The Three Distinct Scripts of Knossos: An Unfinished Epic
Linear A and Linear B are the names given to two sets of scripts from ancient Greece. A third known writing form of the time is Cretan Hieroglyphic. The Linear A script was used by the Minoan civilisation, which flourished on the island of Crete, whilst the Linear B script was used by the Mycenaean civilisation, which was centred on the Greek mainland. All three of these scripts were found in the same location at Knossos. Whilst Linear A has yet to be deciphered, Linear B has been found to be the oldest preserved form of written Greek that we know of at present.
Minoa’s Mix of Messages
During the early years of the 20 th century, the Minoan civilisation was discovered by the British archaeologist, Arthur Evans. One of the most important sites of this civilisation was Knossos, where a palace was unearthed. Within the ruins of this Minoan palace was an archive of clay tablets, and it was on these tablets that Evans observed a number of different scripts that were unlike any that had been known up until then. Prior to Evans’ campaign, Knossos had been excavated in 1878 by a Greek businessman and antiquarian by the name of Minos Kalokairinos, who was probably the first person in modern history to have discovered a tablet with the Linear B script.
Crete - Phaistos disk containing Cretan Hieroglyphic (CC BY 1.0 )
One of these was a pictographic writing system known today as Cretan Hieroglyphic, and is believed to have been developed around the end of the 3 rd millennium BC. The other two were named Linear A and Linear B respectively, as a linear structure was used to construct its characters, unlike the pictographic Cretan Hieroglyphic. Of these two scripts, Evans determined that Linear A had preceded Linear B. The former developed around 1700 BC, whilst the latter about 250 years later. Additionally, Linear A and Cretan Hieroglyphics may have been used in parallel, as Evans speculated that Linear A was used for writing religious and administrative documents, whilst Cretan Hieroglyphics was employed for mundane affairs.
Apart from Knossos, examples of documents written in Linear A have been unearthed in Cretan sites such as Haghia Triada and Phaistos. Outside Crete, evidence of this script has been found in areas such as Rhodes and Miletus. By comparison, evidence of the utilisation of Linear B has so far been limited to major palace sites, including Mycenae, Pylos, Thebes and Tiryns.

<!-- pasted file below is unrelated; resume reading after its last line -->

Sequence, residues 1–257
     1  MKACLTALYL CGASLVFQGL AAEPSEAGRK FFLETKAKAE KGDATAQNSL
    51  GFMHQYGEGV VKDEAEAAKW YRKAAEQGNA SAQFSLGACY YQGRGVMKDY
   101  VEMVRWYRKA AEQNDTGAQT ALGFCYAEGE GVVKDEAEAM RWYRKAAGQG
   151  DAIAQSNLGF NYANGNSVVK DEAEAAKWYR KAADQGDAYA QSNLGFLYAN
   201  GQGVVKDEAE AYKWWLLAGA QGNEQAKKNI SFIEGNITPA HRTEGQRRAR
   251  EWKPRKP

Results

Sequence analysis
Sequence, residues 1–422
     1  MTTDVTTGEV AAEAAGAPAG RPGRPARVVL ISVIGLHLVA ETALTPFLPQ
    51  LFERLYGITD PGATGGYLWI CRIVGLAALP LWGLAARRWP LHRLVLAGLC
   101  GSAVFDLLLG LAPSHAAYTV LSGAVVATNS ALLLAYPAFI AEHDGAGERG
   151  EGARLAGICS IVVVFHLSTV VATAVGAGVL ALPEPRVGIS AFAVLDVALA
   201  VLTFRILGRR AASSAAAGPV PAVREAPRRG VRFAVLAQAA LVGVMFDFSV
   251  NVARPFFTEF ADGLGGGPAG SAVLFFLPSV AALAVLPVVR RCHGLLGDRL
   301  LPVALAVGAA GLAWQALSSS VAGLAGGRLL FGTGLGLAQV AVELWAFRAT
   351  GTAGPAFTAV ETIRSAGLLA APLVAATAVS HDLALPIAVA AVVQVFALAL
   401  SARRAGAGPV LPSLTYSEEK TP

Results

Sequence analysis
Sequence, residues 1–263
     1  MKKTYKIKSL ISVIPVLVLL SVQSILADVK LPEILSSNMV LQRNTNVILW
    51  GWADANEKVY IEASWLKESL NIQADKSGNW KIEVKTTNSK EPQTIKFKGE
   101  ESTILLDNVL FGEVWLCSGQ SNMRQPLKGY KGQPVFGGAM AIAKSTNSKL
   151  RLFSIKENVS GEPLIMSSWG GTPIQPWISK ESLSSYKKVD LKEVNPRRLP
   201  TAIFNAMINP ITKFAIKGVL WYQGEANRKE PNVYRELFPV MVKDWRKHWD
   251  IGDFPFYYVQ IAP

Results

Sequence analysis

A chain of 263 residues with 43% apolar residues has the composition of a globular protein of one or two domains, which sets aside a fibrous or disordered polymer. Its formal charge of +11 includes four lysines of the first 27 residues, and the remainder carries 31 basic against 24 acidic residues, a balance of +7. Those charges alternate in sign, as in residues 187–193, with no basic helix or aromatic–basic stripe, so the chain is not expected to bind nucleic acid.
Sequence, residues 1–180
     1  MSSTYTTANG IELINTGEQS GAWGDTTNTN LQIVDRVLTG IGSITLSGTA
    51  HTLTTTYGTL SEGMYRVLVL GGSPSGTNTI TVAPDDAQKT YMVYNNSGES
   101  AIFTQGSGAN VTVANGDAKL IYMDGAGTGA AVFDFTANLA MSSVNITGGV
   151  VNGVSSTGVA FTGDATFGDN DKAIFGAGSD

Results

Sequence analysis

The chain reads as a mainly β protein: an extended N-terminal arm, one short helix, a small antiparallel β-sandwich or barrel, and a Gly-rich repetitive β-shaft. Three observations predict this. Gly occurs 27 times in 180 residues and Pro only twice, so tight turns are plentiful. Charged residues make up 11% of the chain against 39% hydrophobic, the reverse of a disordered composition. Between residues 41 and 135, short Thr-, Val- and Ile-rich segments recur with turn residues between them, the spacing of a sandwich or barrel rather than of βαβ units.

Clay Tablet inscribed with Linear B script dated 1450-1375 BC, Knossos ( CC BY 2.0 ))
Linear B – Known Script
Of the two scripts, only Linear B has been deciphered so far. The man credited with the decipherment of Linear B is an architect by the name of Michael Ventris, who made a breakthrough in 1953, 12 years after the death of Arthur Evans. At that time, scholars were of the opinion that Linear B was a form of Minoan language that was distinct from Greek. Ventris, however, proposed that Linear B is an early form of Greek. Thanks to this interpretation, Ventris manages to decipher Linear B. Whilst most of the documents written in this script can be read today, there are certain features of Linear B that are still a mystery. Moreover, certain syllabic signs have yet to be interpreted conclusively.
Linear A – The Last Secret Chapter
As for Linear A, this script has not been deciphered yet. Whilst these two systems are said to resemble each other, the underlying language of each script is quite different. It has been pointed out that when Linear A was deciphered using symbols from Linear B, the result was a jumble of words which did not have any meaning. Furthermore, the underlying language of Linear A seems to be unrelated to any other presently known language. Nevertheless, scholars have attempted to make some sense of the documents written in this script. For instance, the majority of documents written in Linear B have been found to contain administrative information. Therefore, it has been speculated that the Linear A documents have a similar function, and also contain such information. In addition, Linear A inscriptions have also been found on ritual and religious objects, for instance, votive figurines found in sanctuaries. Therefore, it has suggested that Linear A was also used for religious or ritual purposes.
The content of the scripts falls far short of providing the drama that the Greek literary giants like Homer or Sophocles could, as they seem to have served a more practical and mundane purpose. However, being from a somewhat more ancient time, the three scripts use their own words to tell a more modest tale and until the Linear A code is cracked, it would seem the full story has not been told.
Top image: Clay tablet (PY Ub 1318) inscribed with Linear B script, from the Mycenaean palace of Pylos. ( CC BY 2.0 )
By Wu Mingren
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